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by Jane Kurtz

Pub Date: April 30th, 2001
ISBN: 0-06-029401-9
Publisher: Greenwillow Books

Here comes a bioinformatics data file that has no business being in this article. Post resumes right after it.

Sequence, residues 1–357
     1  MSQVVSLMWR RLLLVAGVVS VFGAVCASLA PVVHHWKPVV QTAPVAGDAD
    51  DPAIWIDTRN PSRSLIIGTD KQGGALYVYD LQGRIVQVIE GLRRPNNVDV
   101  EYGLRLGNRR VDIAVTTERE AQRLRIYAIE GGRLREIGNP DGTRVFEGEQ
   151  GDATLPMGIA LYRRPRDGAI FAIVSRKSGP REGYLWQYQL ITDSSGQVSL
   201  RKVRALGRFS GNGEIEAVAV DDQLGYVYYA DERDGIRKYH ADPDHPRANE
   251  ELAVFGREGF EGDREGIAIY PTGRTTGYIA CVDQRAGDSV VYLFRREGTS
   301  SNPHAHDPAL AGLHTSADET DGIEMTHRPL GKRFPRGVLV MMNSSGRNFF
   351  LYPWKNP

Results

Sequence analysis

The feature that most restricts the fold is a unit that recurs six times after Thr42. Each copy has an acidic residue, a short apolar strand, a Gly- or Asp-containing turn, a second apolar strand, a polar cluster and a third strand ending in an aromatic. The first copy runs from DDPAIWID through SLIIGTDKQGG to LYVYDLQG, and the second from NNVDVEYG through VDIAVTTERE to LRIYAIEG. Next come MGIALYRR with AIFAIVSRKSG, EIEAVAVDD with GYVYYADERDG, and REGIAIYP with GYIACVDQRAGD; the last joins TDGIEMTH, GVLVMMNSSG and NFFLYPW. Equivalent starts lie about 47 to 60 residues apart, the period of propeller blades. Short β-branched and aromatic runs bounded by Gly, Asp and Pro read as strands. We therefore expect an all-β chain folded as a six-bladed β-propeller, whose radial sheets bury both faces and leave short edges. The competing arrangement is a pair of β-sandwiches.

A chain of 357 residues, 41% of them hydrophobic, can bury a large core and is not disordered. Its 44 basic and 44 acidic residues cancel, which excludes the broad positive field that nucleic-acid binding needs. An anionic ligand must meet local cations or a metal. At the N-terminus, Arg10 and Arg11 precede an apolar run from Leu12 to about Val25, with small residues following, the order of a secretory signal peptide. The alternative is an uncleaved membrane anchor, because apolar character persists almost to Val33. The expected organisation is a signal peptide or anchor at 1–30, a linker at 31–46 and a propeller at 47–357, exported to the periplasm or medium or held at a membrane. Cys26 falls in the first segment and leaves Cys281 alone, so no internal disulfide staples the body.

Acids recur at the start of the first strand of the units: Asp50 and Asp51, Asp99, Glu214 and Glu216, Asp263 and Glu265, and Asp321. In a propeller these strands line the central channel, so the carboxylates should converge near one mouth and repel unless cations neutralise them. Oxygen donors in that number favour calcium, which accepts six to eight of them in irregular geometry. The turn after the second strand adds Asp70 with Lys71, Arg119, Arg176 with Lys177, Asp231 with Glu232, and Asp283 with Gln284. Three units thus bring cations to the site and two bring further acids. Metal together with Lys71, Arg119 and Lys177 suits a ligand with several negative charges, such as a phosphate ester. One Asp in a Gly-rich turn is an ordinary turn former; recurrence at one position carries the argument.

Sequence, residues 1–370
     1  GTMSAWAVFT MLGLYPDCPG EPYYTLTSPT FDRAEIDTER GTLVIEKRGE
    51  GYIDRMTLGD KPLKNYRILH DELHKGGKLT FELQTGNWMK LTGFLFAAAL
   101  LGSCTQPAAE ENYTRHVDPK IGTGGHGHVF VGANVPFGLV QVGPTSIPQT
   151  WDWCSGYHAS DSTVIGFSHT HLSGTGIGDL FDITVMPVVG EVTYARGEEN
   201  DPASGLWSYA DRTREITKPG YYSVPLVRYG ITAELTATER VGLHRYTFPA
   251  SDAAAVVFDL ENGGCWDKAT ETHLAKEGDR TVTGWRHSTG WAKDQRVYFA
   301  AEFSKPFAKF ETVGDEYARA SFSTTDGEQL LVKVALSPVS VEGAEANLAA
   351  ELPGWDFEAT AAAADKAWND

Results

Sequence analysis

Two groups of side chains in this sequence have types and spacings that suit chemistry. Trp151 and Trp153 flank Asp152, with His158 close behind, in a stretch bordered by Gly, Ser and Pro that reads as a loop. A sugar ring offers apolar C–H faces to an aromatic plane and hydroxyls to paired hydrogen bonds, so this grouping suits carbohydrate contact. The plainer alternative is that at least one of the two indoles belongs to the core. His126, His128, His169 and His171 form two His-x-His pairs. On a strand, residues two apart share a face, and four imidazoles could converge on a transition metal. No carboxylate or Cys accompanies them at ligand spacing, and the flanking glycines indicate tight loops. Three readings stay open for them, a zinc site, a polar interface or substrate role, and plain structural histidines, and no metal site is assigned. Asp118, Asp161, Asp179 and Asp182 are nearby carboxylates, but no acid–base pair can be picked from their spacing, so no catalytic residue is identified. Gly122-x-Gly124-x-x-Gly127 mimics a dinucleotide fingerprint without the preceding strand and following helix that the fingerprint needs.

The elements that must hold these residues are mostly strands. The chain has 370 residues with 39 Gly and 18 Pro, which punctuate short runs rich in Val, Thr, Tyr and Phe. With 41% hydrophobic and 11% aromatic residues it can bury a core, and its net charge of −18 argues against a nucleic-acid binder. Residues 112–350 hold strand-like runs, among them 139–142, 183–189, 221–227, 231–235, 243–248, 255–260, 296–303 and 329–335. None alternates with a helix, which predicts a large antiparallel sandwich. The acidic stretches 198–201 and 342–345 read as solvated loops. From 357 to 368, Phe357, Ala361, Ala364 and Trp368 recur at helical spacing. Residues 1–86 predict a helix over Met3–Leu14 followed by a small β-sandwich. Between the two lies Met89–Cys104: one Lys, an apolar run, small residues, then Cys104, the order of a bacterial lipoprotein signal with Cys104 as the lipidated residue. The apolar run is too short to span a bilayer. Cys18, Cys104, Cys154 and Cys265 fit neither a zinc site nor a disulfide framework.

In this slow-moving contemporary novel, a sixth-grader contrasts her new life in North Dakota with her childhood in Africa, while her family struggles with their differing hopes for the future. When Dakar and her parents move to Cottonwood, North Dakota, for a year, leaving her older sister Jakarta in Africa, nothing seems right to the girl. Her parents, both of whom remain largely one-dimensional characters, only contribute to her worries. Her charismatic father longs to be elsewhere, working with Doctors without Borders or helping refugees. Her mother, who grew up in North Dakota, seems distant and ambivalent about being back. Dakar longs for her sister, but when Jakarta reluctantly joins them, the happy family Dakar hopes for still doesn’t emerge. Instead her mother goes away to help an ailing aunt, not realizing that Dakar’s father leaves shortly after her to do rescue work in Guatemala. While high-schooler Jakarta devotes her time to basketball and leads her team to a series of wins, Dakar spends far too much time alone with no adults to care for her. Dakar’s lyrical memories of Africa help sustain her, but may prove confusing to readers unfamiliar with the countries she mentions. Similarly, her frequent allusions to the Bible, Russian rulers, and The Water Babies will be more distracting than meaningful for many readers. Kurtz’s (Faraway Home, 2000, etc.) love for both Africa and North Dakota comes across clearly, but she has woven too many strands into her novel without strong enough characterizations to hold them together. (Fiction. 11-14)